Short, Sweet, and Snappy Review:
Title: Dead Ever After
Author: Charlaine Harris
What I liked: That the series is over
What I didn’t like: Too much to list
Recommended Read: Only if you’ve read the series.
Rating: 2 stars
There are secrets in the town of Bon Temps, ones that threaten those closest to Sookie—and could destroy her heart…
Sookie Stackhouse finds it easy to turn down the request of former barmaid Arlene when she wants her job back at Merlotte’s. After all, Arlene tried to have Sookie killed. But her relationship with Eric Northman is not so clearcut. He and his vampires are keeping their distance…and a cold silence. And when Sookie learns the reason why, she is devastated.
Then a shocking murder rocks Bon Temps, and Sookie is arrested for the crime.
But the evidence against Sookie is weak, and she makes bail. Investigating the killing, she’ll learn that what passes for truth in Bon Temps is only a convenient lie. What passes for justice is more spilled blood. And what passes for love is never enough…
Where to start with this mess? Perhaps at the end, for a change, because that’s the biggest thing that made me put the book down and say: what a load of rubbish. For a last book in the series, there seem to be a lot of loose ends. Such as what happened to Sam and Sookie? Did they live happy ever after? Did they break up after a couple of months? Did Bill ever find anyone? Has Sookie’s cousin Hunter grown up all right?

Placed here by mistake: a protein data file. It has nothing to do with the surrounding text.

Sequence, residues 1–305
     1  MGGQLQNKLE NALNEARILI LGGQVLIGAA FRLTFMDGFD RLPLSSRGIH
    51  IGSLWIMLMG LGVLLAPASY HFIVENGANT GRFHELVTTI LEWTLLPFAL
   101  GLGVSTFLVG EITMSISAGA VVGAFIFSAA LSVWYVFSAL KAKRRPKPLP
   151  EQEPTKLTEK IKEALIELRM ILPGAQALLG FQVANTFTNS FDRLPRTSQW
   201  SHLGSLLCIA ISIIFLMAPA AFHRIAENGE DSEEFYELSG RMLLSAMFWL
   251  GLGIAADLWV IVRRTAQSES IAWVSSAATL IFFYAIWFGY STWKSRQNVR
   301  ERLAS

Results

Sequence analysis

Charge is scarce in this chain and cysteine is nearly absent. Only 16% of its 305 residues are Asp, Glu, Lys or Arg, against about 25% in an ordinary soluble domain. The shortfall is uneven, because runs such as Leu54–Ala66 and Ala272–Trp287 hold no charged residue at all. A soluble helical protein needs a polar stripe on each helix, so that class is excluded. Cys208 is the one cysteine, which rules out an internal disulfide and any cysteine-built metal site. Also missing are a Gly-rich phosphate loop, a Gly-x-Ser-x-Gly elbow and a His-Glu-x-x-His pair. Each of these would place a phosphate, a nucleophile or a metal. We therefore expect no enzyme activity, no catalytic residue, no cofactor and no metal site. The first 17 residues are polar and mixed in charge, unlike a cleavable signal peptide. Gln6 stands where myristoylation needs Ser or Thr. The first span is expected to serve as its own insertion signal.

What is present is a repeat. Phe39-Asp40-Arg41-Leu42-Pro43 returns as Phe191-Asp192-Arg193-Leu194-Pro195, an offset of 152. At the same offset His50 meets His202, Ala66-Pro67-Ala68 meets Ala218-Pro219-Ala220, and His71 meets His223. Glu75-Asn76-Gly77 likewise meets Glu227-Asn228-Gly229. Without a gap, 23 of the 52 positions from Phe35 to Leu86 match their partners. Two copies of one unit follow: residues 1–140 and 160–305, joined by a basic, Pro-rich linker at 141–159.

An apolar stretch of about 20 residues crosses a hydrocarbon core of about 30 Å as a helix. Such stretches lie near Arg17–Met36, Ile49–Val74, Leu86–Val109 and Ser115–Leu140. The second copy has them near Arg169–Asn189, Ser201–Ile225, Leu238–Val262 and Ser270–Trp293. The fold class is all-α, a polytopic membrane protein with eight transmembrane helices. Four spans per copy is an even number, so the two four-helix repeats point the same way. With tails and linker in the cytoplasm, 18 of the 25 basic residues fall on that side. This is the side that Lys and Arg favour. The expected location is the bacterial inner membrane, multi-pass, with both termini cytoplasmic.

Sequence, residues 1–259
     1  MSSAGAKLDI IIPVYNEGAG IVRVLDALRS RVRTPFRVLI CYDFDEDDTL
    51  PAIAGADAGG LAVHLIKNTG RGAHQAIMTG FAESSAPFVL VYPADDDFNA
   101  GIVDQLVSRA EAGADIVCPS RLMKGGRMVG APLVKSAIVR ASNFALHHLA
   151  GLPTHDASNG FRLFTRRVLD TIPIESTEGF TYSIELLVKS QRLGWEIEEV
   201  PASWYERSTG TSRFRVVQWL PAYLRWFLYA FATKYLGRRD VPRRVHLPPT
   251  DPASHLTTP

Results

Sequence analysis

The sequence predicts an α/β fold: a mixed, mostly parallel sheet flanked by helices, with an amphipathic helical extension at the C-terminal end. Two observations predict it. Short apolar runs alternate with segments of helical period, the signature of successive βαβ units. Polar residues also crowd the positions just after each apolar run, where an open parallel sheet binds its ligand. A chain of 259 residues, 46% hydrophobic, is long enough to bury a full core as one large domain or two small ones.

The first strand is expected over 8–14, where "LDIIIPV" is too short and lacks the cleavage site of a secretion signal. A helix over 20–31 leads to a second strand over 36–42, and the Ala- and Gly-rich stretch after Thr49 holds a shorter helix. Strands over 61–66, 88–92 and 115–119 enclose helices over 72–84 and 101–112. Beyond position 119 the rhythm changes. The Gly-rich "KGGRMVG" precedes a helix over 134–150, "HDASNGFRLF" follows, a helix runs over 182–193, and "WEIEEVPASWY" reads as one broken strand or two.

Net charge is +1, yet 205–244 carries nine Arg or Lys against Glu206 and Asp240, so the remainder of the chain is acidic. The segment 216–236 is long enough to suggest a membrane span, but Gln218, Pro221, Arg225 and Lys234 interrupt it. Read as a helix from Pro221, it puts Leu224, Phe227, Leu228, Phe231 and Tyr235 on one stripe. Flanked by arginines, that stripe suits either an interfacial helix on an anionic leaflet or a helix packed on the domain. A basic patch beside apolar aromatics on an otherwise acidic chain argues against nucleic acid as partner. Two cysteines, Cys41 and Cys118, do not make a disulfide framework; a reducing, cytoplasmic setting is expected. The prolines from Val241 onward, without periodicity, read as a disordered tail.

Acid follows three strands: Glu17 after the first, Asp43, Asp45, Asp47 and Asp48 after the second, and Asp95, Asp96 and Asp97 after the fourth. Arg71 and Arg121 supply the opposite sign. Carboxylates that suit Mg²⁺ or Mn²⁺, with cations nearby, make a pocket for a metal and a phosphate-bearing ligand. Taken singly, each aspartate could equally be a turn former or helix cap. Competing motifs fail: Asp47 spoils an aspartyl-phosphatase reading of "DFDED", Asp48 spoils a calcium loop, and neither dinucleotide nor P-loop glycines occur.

But of course, the biggest what the hell out of that lot has to be Sam and Sookie. Had I not already heard through the grapevine that this was coming, I’m pretty sure I would have laughed my ass off and declared the entire book to be a work of self-gratifying fanfiction for the Sam/Sookie shippers. Not that I don’t mind a good bit of fanfic every now and then, and not that I don’t like Sam, but there doesn’t seem to have been any indication prior to the end of book twelve that Sookie thought of Sam in any other way than a brother. But hey, it’s not my book, and I suppose if the author wants to put them together in an attempt to give the series some closure, then fine.
However, the ludicrous ending wasn’t the only issue I had with this book. The switch in writing really threw me. We’ve gone from twelve books of single first person point of view, to a book that switches between that and third person point of view. And honestly, I don’t think those changes in point of view really added much to the overall novel. To me, they seemed like little more than a good way to pad out the book without tying up the loose ends that could have been tied up.
So for me, I am glad this series is over. I’m glad I borrowed the last book from the library instead of paying for it before the paperback comes out, and I am happy that I don’t have to read any more of the books. In my opinion this whole series has been like the Big One (or whatever it’s called these days) roller coaster in Blackpool. It was all uphill at the very start, but after that first rush of falling from the sky everything else is a bit of a disappointment.